A repressor is a protein that turns off the expression of one or more genes. The repressor protein works by binding to the gene's promoter region, preventing the production of messenger RNA (mRNA).


A repressor is a protein that has a negative effect on gene expression. So these usually are proteins that bind to DNA, and they either prevent the RNA transcription machinery from getting in there and transcribing that DNA, or they just slow it down. So repressors are present in cells where you don't want a particular gene expressed. So if the repressor cell recognizes a sequence in that gene, it will travel to there and keep that gene off in that cell. And this is how you prevent hemoglobin from being expressed in neurons, and how you would prevent liver enzymes from being expressed in red blood cells. Repressors are very difficult to study because it's much easier to study things that give you more of what you're looking for. But I think as we go along we're going to find they play as important a role in gene regulation as the activating proteins.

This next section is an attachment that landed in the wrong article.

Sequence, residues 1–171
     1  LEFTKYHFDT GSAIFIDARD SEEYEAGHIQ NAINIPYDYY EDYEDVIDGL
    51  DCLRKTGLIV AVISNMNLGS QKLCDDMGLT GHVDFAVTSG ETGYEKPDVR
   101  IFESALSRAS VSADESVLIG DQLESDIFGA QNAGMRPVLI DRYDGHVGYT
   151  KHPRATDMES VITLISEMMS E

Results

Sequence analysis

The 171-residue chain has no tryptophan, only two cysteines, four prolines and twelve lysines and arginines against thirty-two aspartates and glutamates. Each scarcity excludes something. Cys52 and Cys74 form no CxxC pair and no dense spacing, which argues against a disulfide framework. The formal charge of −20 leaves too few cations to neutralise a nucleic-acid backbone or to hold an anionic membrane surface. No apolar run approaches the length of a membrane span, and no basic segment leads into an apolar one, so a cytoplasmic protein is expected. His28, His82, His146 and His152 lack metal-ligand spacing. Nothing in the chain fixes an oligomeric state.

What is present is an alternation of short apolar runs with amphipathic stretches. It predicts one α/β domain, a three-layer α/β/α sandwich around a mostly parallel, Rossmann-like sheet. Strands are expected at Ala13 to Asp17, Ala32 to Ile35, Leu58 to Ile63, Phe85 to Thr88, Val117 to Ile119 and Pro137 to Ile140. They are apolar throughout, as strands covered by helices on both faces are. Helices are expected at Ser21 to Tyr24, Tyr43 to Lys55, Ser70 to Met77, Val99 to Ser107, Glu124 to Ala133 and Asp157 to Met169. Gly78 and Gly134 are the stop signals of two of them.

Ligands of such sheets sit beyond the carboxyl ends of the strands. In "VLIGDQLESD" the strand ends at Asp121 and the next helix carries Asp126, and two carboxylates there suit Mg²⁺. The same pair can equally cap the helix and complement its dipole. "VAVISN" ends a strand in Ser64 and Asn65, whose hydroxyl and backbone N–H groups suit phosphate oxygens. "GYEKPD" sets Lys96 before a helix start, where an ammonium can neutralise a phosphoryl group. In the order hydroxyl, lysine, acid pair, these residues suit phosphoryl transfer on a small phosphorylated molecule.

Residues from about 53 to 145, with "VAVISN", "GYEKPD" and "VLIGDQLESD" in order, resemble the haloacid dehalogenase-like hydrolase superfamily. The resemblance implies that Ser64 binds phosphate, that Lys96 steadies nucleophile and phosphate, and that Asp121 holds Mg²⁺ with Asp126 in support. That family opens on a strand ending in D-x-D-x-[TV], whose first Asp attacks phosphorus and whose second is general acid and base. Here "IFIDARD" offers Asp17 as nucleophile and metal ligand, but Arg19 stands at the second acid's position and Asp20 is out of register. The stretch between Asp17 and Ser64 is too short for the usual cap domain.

- David M. Bodine, Ph.D.